(Maybe a rant?)
This is for every person out there who's ever aspired to train their artistic passions to serve/be their professional career, and for every person who's ever wanted to pursue a career that's been called a 'waste of time.'
Virtually every career has value. Theater, history, horticulture, architecture, fine arts. Journalism. Don't let anyone/anything tell you otherwise. The 'value' may not be immediate or even present in the eyes of others, but the fact of the matter is that if it has value to you, then you have every right to pursue it. (And really, it probably contributes to the real world way more than other people think.) I'm sick of getting online and catching sight of another 'article' denouncing another handful of degrees as 'useless' or 'not worth the effort.' Says who? According to what, and on what basis? Most of these 'articles' base their judgment on economical and (projected) employment statistics. What if you're not in it just to get employed? What if you're actually interested in the education, and actually want to learn? Not for that slip of paper you get at the end of four years... but for yourself? God forbid that some people go to school to gain a little more; most people will go the traditional route (four years and out into the workforce), while others may not opt to.
I've found that, more often than not, those who deviate from the traditional path tend to put themselves into these 'useless' majors/minors.
It's funny how many times I've heard and read, "architects are useless." This has probably been said of every major that isn't some kind of engineering, medical science, or business-related degree, really. I've certainly heard it more than enough. (My own colleagues can have very 'engineer-supremecist' bias from time to time.) I have friends and colleagues who have met this kind of backlash for their choice to go into something related to the arts. "You're wasting your [parents'] money," they'll say. "You're wasting your time."
Just remember what I said about worth. About learning for yourself, not someone else.
While it's true that medical sciences and engineers will pave the way for world development (especially as technology evolves), I think these websites and 'news' agencies often take these 'useless majors' for granted. They really do. I read a thoughtful comment earlier today...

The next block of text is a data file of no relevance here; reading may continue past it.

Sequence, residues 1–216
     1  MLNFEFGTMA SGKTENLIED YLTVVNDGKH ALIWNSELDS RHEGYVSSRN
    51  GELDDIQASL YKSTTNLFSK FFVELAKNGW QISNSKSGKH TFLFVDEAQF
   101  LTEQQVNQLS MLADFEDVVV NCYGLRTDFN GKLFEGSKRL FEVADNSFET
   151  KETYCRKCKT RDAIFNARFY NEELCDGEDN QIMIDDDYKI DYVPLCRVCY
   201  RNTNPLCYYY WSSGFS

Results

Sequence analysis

[Responding to a 'useless majors' list] "Funny that these majors provide for the greatest "human experience". [We would all be living] a boring existence without these "useless" majors."
It's true. The impact of things like film, music, history, and design (etc.) are so enormous and so widespread in our everyday lives that the public takes it for granted. Our future is built on lessons learned in history. Both artists and writers engage the imagination through the senses through things on a page. Architecture affects everything from the way you interact with other people and how you receive your surroundings.
These get you to /think,/ whether you're aware of it or not. An appreciation for anything, I think, is some form of thinking already. Compare that to simply receiving and consuming.
Do a little research, and ask someone on the street (if you want to try it): "Did you know that [useless major field]..." What will they tell you? How will they react?
Lots of these majors thrive on creativity, and creativity is something necessary for progress. And yet, curiously, it is so unbelievably under-appreciated... due to the fact that it's often squandered by this silly, shallow need to convince our next generation to devalue it for little green slips of paper. (I'm not saying every child should go into something artful, but more should certainly have more opportunity to explore it). Creativity produces. Creativity is fresh. The Brony fandom is so enormous because of the sheer amount of creativity involved in its skeleton (compare that to some other fanbase).
The best way to describe the sheer importance of these 'useless majors' is to imagine what life would be like without them. What would happen if there were suddenly no more architects? No more writers, no more historians? No more horticulturists? As an example to the former, I live in a house designed by engineers (engineers are not designers in the true sense of the word). It seemed nice, at first, but the longer I live in it, the more things start to bother me-- corners don't meet, details are sloppy, and general construction is valued for its cheap price tag, not its properties. The worst part of it for me, so far, is the kitchen sink: for some reason, it's split in two right down the middle, with the faucet too far back/too shallow to reach the better part of both halves. The oven sits way too far from the working surfaces of the kitchen, making it unbelievably irksome to function in a cooking scenario. Nobody thinks about these things immediately (I didn't)... but it's clear that there is an impact (often not good) when someone else starts doing your job.
... The point of this being that these majors are far from useless. They just aren't. Within an economical context, those who have chosen to deviate may have some trouble getting a job afterwards, but just how much that matters depends on your priorities. What's worth more to you? The education that you can use to any end (and the new way in which you'll probably see the world) or the $100,000 slip of paper? (The truth is that having both is probably to your benefit, rather than just the latter.) Would you rather be happy doing what you do or skulking over a desk laboring every day because you have to?
Nobody is expected to know what they want to do with their life before high school is even over. But just keep this in mind: no degree is 'useless.' Education is not useless. Ever.